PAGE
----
Filed under: China, Communism, Global Warming, Junk Science, Regulation, Science/Technology | Tags: China's Collapsing Green Sector, From Largest Producer to Broke, Solar and Wind Failure
China has gone in for “renewable energy” in a big way. Their solar panel industry has gone from nothing to becoming the world’s largest producer in only five years. But the industry has now crashed with with negative profit margins, idle factories and soaring levels of debt.
Suntech, a solar panel manufacturer, has been a national champion which became the world’s largest, filed for bankruptcy in March after it defaulted on payment of $541 million of bonds. The Chinese government is scrambling to clean up the mess by offering tax breaks to all solar companies who acquire or merge with their competitors.
LDK Solar, another leading Chinese producer, was forced to turn to provincial and local government for protection from its creditors. LDK was the brainchild of the local Communist Party Secretary, and received millions of dollars in state subsidies, cheap financing, land and electricity in 2005. The local government is pumping in money to keep it from sinking, but the company has already shed 20,000 of its 30,000 employees and its shares are 98% below their peak.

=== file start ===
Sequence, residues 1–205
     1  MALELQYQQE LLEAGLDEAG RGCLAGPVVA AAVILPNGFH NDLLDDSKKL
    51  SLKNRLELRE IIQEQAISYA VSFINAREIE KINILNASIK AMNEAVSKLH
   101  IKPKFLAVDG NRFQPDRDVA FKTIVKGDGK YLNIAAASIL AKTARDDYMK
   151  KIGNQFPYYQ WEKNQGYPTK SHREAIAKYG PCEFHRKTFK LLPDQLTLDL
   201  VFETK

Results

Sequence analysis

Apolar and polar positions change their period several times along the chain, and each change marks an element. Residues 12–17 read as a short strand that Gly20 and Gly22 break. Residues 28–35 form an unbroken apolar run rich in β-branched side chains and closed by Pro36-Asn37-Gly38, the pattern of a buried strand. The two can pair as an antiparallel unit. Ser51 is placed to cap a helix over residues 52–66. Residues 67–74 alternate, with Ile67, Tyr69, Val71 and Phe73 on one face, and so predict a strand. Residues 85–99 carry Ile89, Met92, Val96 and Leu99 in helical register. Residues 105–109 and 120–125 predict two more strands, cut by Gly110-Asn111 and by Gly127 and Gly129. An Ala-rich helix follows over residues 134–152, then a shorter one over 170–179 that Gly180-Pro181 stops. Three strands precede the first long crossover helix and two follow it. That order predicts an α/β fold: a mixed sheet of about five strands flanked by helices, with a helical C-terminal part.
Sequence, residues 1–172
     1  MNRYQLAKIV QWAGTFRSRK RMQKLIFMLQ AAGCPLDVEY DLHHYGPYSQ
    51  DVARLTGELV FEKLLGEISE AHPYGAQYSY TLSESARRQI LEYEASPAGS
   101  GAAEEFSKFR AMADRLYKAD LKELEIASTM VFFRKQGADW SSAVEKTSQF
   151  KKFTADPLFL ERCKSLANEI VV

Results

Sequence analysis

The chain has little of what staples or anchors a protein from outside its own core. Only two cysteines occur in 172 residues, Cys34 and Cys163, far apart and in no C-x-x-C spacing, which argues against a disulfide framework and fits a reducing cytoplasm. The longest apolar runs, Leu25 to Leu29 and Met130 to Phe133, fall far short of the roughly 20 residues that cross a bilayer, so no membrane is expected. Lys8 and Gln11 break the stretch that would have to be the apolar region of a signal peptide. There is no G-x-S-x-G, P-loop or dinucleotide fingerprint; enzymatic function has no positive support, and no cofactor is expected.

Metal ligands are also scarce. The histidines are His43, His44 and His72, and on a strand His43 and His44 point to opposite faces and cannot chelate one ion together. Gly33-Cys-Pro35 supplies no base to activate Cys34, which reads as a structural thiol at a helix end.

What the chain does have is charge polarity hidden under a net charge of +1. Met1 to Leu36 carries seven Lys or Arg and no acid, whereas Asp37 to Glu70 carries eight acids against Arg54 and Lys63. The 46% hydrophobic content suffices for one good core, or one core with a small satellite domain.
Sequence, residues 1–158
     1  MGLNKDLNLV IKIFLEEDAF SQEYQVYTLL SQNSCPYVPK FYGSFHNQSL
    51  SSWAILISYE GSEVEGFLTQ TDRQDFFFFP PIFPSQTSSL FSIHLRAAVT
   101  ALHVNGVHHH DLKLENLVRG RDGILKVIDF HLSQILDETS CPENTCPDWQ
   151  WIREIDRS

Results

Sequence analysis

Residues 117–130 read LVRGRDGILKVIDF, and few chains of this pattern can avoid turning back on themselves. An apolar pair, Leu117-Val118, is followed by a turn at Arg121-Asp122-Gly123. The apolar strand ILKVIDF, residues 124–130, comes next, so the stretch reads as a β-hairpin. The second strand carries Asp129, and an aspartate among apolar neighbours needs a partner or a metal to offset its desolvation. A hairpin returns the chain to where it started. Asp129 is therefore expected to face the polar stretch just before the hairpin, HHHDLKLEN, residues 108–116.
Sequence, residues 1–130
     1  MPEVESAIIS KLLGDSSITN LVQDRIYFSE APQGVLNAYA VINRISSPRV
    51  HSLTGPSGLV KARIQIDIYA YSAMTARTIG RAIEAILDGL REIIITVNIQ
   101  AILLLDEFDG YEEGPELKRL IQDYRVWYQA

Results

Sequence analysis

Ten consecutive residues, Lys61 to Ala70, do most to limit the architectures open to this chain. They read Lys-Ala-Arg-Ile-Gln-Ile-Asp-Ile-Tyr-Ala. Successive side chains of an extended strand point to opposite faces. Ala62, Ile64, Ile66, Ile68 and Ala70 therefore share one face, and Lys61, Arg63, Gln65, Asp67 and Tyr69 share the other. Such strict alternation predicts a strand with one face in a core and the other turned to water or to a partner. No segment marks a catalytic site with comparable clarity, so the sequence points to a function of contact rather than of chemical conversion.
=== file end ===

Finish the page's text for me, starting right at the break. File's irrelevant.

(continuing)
China’s solar panel sector remains massively overbuilt. Demand for solar panels has been shrinking as governments in the West learn that it was the subsidies that made solar energy attractive.
Wind power is little different. Sinovel — one of the world’s largest wind turbine manufactures — was earning hundreds of millions of dollars in profits in 2010, to millions of dollars of losses that grow by the day. Revenues are a fifth of what they were in 2010. In 2012, 17% of all windmills lay idle, the power they produce too expensive to connect to the grid. In some regions, 50% of all windmills remain unconnected to the grid.
China’s green sector crash is a textbook example of a command and control economy, where “experts” substitute their ideas for the complex supply and demand decisions of a free market. The Chinese state gave Chinese manufacturers near-monopoly powers and almost free money. The Bank of China, one of the largest state-owned commercial banks, says that 21% of its solar loans are in or near default. The average debt ratio is 75.8%.
To save face, China’s central planners have switched from subsidizing suppliers to subsidizing demand by demanding that power producers meet green targets in the domestic market. China can, of course force consumers to buy solar energy, but that doesn’t really solve anything. Chinese power customers would just pay the price in more expensive and less reliable power.